A federal judge in Indiana dismissed yesterday all that remained of a lawsuit filed by student athletes, alleging that they were “employees” and therefore entitled to the minimum wage under the Fair Labor Standards Act.
The suit was initially filed in 2014 by Samantha Sackos, a soccer player for the University of Houston. Ms. Sackos contended that she and other student athletes were temporary employees and should have received the minimum wage. She sought to assert a class action on behalf of all student athletes at NCAA Division I schools. Ms. Sackos eventually dropped out of the case but was replaced by plaintiffs Lauren Anderson, Gillian Berger, and Taylor Hennig, all track and field athletes at the University of Pennsylvania.
The plaintiffs subsequently voluntarily dismissed all of the state-supported schools from the lawsuit on grounds of sovereign immunity, which generally protects governmental entities from lawsuits.
By the time of the court’s ruling yesterday, the NCAA and 123 schools remained in the lawsuit. Because all of the three plaintiffs were current or former Penn students, the other schools moved for dismissal, arguing that the plaintiffs had no standing to sue them. U.S. District Court Judge William T. Lawrence agreed, and dismissed the claims without prejudice, which theoretically allows the plaintiffs to try again with amended claims, or by adding plaintiffs from other schools.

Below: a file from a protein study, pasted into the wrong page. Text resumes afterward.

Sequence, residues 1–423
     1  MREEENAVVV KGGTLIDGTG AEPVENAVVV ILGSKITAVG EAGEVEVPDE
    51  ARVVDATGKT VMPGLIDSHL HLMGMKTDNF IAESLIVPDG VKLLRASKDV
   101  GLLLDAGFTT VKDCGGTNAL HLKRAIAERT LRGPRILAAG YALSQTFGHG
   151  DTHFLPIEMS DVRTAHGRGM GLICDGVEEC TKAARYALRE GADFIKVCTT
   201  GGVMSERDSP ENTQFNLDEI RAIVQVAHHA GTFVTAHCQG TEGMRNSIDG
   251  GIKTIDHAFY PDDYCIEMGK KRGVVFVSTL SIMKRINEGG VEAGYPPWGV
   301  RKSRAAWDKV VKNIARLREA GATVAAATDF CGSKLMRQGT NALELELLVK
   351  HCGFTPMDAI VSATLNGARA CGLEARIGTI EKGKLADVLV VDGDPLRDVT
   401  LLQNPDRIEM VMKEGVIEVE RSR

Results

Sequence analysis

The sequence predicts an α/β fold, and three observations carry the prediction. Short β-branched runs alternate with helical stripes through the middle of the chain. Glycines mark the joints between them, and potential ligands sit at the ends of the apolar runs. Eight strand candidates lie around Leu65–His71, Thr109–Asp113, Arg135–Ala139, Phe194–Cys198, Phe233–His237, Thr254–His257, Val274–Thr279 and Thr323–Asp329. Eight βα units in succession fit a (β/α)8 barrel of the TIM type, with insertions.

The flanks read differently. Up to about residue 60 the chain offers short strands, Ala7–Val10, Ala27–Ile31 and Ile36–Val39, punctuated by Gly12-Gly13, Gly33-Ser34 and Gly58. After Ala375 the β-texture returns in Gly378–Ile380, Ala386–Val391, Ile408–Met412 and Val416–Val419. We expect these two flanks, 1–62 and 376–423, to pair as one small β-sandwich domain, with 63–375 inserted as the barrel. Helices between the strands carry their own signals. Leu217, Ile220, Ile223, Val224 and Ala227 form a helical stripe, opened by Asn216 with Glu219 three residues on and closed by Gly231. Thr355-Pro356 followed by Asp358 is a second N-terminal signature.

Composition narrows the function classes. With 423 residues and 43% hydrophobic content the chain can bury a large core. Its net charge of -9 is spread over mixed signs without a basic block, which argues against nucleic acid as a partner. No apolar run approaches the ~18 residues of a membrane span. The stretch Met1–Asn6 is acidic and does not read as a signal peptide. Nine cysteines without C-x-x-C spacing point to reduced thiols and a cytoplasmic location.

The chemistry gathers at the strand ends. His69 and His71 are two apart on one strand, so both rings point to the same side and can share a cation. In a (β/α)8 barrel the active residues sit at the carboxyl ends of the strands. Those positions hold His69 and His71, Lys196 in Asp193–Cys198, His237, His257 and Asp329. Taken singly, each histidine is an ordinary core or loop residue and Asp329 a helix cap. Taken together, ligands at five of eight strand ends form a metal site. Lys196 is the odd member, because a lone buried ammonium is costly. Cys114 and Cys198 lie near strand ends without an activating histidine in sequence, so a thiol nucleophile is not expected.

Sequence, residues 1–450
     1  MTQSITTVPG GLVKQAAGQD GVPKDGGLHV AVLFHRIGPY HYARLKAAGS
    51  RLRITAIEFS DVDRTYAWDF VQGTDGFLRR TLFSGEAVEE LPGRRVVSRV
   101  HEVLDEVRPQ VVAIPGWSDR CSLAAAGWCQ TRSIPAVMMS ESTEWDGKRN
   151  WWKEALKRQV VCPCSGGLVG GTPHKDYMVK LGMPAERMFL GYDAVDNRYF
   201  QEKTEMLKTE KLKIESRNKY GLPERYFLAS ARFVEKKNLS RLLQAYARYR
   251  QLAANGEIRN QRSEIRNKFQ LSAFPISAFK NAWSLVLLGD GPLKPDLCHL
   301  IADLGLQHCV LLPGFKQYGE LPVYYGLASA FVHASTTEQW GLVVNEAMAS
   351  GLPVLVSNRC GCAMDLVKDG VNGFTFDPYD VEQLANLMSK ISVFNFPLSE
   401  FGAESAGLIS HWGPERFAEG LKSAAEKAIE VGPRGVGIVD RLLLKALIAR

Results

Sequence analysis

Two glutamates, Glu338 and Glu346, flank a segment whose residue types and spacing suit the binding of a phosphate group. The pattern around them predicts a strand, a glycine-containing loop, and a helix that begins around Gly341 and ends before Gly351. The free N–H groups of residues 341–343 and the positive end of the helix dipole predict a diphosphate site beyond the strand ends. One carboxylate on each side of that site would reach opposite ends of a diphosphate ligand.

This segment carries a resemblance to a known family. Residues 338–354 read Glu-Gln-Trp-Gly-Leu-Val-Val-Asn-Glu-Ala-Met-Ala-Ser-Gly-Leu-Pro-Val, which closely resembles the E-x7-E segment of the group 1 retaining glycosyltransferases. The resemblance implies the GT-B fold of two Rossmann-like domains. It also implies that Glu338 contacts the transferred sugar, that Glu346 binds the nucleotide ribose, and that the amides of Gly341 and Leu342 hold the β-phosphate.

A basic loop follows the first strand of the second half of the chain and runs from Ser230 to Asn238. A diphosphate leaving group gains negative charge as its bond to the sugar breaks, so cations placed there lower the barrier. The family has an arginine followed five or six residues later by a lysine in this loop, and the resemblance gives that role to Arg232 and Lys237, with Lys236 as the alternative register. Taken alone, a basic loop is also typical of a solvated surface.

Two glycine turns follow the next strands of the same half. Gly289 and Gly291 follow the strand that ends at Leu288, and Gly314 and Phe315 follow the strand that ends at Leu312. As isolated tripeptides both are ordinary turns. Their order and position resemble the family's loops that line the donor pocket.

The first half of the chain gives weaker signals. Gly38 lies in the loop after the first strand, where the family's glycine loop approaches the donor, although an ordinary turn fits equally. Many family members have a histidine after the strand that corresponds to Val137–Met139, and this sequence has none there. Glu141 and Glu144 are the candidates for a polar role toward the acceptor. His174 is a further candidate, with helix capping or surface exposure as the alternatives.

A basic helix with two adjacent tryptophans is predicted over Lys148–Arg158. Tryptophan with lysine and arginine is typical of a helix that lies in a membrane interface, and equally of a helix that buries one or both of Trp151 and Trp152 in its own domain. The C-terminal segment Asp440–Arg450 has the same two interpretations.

That may not be worth the trouble, though, because the judge also dismissed the claims against Penn on their merits – in other words, he specifically found that Penn was not the employer of the plaintiffs. The claims against Penn were dismissed with prejudice, meaning that the plaintiffs can never refile their claims against Penn unless Judge Lawrence’s decision is reversed on appeal.